Ice candy is typically made using long plastic bags that are tied at the top. These bags are usually 1½x10 inches and from what I hear, can be found in the US in Filipino markets. I didn’t have a chance to get to my usual spots, but I found 2×10 inch bags on eBay, which produce a thicker ice candy, which was just fine with me. Use your favorite popsicle mold if you can’t find the bags.

While doing research for this challenge, I loved seeing all the different ways ice candy is served in the Philippines; the use of fresh fruits is pretty mind-boggling. But if I was going to do this challenge any justice, I’d have to draw from the memories of my own American childhood.

Cereal Milk Ice Candy
Fruity Pebbles Ice Candy (center) guarded by Froot Loops Ice Candy.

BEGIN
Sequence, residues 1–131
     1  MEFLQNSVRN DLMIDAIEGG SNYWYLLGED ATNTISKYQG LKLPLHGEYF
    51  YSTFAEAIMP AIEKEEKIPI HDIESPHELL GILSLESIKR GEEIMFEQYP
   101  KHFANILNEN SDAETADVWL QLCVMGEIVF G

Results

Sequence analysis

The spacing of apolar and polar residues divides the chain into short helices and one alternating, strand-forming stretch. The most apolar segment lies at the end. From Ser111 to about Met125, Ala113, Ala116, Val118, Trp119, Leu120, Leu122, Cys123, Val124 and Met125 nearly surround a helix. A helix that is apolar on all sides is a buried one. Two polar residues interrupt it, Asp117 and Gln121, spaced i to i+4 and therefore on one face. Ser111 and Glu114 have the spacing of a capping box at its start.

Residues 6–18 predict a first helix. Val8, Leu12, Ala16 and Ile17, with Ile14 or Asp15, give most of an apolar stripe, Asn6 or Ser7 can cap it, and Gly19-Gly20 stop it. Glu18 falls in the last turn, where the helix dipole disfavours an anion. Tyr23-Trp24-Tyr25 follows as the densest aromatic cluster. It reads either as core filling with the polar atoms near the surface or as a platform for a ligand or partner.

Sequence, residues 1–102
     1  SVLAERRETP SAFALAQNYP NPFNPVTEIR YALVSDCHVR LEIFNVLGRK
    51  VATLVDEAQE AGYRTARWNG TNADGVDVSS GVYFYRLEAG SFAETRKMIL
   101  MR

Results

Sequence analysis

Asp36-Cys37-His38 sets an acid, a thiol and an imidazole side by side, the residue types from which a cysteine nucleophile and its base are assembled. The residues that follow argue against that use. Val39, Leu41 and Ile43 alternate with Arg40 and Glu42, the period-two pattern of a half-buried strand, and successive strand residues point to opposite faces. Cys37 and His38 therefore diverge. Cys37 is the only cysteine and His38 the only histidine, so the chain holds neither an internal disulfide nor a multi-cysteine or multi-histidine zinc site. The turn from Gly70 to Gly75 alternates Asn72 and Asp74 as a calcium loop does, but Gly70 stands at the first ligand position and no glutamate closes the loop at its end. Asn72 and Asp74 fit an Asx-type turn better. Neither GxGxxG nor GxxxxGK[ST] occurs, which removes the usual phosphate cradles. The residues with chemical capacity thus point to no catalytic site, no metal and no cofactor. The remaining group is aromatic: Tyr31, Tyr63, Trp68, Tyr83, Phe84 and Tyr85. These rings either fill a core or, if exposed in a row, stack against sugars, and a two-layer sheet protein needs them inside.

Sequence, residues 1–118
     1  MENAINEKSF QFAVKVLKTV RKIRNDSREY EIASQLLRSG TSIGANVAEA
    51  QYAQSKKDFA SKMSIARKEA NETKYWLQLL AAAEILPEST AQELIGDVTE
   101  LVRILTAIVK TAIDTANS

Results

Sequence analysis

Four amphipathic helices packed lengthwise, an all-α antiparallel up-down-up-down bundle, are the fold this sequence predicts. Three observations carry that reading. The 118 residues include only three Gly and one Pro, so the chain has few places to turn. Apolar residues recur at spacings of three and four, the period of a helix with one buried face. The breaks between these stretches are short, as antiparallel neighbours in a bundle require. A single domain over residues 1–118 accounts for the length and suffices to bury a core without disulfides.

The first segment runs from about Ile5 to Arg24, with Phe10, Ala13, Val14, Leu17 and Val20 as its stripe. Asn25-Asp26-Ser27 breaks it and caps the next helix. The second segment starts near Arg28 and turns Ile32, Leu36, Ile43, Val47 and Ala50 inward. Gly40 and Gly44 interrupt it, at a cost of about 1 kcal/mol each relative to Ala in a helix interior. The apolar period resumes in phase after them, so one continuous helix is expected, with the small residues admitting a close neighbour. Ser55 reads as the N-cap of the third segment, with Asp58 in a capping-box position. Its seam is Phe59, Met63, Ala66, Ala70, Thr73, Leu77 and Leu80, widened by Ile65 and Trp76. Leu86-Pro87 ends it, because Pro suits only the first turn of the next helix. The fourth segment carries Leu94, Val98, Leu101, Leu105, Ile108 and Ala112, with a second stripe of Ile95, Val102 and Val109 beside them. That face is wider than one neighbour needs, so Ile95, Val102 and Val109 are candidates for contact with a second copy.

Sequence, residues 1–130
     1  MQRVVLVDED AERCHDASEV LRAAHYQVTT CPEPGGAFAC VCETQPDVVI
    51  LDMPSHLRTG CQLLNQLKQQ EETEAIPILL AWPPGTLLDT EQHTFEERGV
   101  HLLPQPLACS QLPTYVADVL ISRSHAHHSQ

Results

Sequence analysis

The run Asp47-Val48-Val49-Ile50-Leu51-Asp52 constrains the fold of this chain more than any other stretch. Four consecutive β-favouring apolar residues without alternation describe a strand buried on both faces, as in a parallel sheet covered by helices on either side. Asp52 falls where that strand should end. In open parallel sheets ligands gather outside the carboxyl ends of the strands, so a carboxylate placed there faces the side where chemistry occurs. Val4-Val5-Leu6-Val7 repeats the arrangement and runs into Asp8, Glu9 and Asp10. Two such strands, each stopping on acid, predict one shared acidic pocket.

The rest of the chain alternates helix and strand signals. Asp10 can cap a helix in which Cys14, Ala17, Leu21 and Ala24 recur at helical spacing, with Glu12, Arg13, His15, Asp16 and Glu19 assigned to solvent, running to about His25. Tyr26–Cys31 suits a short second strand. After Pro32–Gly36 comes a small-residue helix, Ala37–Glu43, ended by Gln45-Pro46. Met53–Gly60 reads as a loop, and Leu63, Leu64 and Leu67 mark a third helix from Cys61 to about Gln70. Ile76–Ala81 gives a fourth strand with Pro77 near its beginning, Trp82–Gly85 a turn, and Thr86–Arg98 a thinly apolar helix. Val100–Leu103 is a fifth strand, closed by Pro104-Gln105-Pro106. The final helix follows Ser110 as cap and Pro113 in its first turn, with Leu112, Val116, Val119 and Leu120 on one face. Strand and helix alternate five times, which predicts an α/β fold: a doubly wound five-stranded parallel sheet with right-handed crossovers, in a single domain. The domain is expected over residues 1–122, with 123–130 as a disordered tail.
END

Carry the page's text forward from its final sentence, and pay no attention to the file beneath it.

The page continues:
Cereal milk has always been an indulgence, especially when artificially flavored fruity or chocolately cereals are involved. It’s analogous to the icing on the cake; an extra reward after finishing off something delectable and sweet. Over the past few years, cereal milk’s popularity grew when it became a drink and a featured ingredient at David Chang’s Momofuku Milk Bar. Bottles of cereal milk, cereal milk soft serve ice cream, and cereal milk panna cotta — along with Milk Bar’s compost cookie — made Momofuku pastry chef Christina Tosi famous, and the official Momofuku Milk Bar cookbook was released in October 2011.

You don’t really need to follow the recipe in the book…cereal milk is made by simply steeping cereal in milk and then straining it. Tosi adds a little brown sugar and salt after steeping to balance flavors, but your own taste buds will let you know if you’re satisfied with the flavor after steeping. Tosi’s recipes use toasted Corn Flakes, Fruity Pebbles, and Cap’n Crunch, but you can use whatever cereal you want. Serious Eats has a fantastic post about the best chocolate cereal to make chocolate cereal milk (they preferred Cocoa Puffs and I concur with them that Cocoa Pebbles are generally awful.